Star Wars: The Story Better Left Untold
Star Wars Battlefront: Elite Squadron (SWBES) is the latest title tagged for the Star Wars franchise, continuing the once console-specific Battlefront series onto the handhelds. Where the PSP version is able to power a much different experience than DS, SWBES drops the first-person perspective and adopts an overhead isometric view that should be all too familiar. But how does it hold up when Battlefront becomes an overhead shooter instead of the first/third-person game we are familiar with?
The single-player portion puts players in the role of X2, an elite clone trooper who, along with his “twin” X1, is perhaps the most decorated and adept of the clone troopers and given special missions to reflect his abilities. The saga of X2 plays out across the new and original Star Wars trilogy timelines, interwoven with the plotlines from the movies. For example, X2 does battle with General Grievous and has a role in the execution of Order 66 – the directive to kill all Jedi given in Episode II.
There’s a fair amount of plot and story interwoven from the backdrop of the movies intermixed amongst the peripheral canonical material. It will no doubt be interesting to the hardest of hardcore Star Wars fans, though casuals would be hard-pressed to care solely due to the game’s narrative. The focus on ancillary characters and story, particularly clones, provides a sense of giving a new story without getting in the way of “real” Star Wars tenets.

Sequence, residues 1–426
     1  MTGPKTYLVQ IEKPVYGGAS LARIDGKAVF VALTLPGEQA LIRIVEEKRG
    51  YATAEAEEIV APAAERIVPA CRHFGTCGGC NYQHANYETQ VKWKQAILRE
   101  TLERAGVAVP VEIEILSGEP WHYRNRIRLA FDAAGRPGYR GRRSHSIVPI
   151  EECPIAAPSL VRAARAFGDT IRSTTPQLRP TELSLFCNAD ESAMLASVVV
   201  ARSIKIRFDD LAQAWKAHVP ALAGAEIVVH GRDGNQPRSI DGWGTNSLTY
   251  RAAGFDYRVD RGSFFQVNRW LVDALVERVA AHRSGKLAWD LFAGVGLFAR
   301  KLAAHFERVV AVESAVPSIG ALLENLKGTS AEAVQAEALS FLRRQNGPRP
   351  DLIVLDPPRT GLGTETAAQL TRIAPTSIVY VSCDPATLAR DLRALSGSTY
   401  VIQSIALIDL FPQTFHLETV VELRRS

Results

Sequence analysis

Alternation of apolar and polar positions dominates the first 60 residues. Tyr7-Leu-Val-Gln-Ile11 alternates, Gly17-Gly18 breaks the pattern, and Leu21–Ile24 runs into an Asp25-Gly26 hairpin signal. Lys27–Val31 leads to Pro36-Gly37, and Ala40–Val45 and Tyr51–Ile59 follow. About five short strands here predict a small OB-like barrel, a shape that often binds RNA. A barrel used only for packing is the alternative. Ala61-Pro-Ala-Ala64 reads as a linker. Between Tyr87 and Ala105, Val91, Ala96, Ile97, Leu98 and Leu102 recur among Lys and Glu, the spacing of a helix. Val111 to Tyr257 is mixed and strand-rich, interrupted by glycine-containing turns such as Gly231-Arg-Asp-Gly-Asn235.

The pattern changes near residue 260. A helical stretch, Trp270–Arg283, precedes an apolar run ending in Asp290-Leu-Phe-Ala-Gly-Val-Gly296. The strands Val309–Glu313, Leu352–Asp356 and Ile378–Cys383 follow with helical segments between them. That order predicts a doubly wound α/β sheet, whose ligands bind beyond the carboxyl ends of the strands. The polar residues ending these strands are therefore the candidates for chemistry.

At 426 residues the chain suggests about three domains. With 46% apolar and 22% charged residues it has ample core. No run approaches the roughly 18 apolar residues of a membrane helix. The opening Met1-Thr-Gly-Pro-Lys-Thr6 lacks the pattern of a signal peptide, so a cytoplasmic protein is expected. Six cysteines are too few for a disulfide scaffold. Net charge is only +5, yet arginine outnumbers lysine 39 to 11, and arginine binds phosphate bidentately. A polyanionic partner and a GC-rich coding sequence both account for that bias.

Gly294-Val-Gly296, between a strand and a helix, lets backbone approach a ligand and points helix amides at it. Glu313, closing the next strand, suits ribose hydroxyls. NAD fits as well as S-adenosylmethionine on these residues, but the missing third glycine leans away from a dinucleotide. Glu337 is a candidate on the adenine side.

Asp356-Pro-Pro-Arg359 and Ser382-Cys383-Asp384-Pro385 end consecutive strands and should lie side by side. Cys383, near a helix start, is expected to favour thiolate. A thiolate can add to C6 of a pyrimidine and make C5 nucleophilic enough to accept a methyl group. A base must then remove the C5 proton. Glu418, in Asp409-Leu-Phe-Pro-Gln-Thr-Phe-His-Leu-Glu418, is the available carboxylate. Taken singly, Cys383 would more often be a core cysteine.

If you’ve played the DS versions of Ultimate Alliance 2 or G.I. Joe: Revenge of Cobra, amongst others, you’ll be familiar with the essence of how gameplay works here. The D-pad controls the movement of your character while the face buttons dodge, swap and fire weapons, interact with the environment, and launch grenades or their equivalents. At various waypoints, you can change your class to harness different strengths and abilities. The heavy weapons class has an extremely powerful mini-gun at its disposal, contrasted with the spy who fires dual pistols and can sabotage turrets. The assault class is your standard balanced class and the engineer can drop mini-turrets to attack the enemies.
While all these options look good on paper, they don’t make much of a difference. Elite Squadron on the DS is amazingly simple. Strategy doesn’t exist, as repeatedly firing at your enemies takes them down before the auto-lock mechanism takes over and has you firing at the next poor sap to die. For sheer morbid curiosity, I decided to see how I would fare if I just remained stationary and held down the B button to fire in a perverse “go down with the ship” moment. As I was using the spy’s dual pistols, I felt a bit like Woody Harrelson’s character in Zombieland making a last stand.
Unfortunately, the droids were even less of a threat than mindless zombies; I barely was shot once and cleared all attackers as they marched in to their deaths. What’s worse, it happened again… and again… and again. Wave after wave of enemies landed and I stood my ground, doing nothing but holding the B button as they fell in my wake of simplistic mayhem.